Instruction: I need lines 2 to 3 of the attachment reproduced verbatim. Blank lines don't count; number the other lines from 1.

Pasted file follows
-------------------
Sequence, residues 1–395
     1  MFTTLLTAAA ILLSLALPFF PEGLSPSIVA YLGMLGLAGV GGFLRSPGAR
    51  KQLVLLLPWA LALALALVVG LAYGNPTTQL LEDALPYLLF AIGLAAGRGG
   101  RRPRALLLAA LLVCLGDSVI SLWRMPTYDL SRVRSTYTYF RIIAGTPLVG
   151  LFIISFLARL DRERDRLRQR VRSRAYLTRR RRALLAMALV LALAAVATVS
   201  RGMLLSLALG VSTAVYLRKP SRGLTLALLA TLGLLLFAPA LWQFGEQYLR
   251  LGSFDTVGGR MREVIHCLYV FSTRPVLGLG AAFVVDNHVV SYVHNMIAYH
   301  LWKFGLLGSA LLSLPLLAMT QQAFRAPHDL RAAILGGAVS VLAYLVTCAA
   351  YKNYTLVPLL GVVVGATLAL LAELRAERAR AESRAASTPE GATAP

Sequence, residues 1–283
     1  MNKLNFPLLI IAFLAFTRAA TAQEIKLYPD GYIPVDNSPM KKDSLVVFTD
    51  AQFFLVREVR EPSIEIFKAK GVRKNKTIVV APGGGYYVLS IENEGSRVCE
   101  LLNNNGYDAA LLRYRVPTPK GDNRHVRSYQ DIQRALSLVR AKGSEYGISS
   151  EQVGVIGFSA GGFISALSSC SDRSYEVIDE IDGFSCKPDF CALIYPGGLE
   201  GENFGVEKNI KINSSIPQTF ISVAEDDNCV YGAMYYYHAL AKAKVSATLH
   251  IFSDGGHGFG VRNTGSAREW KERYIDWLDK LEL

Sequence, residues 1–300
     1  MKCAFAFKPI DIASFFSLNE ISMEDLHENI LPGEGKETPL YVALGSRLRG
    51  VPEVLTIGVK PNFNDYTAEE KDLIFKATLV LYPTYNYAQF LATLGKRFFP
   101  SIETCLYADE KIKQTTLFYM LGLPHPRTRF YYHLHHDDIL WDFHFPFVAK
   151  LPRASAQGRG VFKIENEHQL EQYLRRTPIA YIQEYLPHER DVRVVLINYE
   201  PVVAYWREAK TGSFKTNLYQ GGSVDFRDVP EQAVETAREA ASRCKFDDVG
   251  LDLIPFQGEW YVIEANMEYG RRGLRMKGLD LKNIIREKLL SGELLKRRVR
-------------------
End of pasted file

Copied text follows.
     1  MFTTLLTAAA ILLSLALPFF PEGLSPSIVA YLGMLGLAGV GGFLRSPGAR
    51  KQLVLLLPWA LALALALVVG LAYGNPTTQL LEDALPYLLF AIGLAAGRGG